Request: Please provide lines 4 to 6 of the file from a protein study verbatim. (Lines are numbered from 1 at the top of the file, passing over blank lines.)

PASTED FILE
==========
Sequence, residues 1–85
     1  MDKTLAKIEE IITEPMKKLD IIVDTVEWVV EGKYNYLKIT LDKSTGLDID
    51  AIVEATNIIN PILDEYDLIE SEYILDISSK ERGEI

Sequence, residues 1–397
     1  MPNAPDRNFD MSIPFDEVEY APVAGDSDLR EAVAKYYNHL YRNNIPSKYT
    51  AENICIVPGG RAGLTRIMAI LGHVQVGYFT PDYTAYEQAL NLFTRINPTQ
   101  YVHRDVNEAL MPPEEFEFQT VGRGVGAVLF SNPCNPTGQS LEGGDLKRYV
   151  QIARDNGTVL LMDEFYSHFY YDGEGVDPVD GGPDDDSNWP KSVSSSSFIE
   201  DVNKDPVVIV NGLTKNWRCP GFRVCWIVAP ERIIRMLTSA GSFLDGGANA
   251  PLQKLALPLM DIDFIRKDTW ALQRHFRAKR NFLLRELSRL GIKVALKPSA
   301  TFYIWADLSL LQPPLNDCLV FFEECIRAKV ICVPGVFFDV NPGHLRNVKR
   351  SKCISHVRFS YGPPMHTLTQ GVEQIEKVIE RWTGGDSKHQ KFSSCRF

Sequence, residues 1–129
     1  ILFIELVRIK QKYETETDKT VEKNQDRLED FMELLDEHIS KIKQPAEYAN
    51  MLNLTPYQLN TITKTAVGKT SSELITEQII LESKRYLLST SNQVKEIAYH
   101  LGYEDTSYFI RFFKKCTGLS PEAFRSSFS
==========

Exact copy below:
Sequence, residues 1–397
     1  MPNAPDRNFD MSIPFDEVEY APVAGDSDLR EAVAKYYNHL YRNNIPSKYT
    51  AENICIVPGG RAGLTRIMAI LGHVQVGYFT PDYTAYEQAL NLFTRINPTQ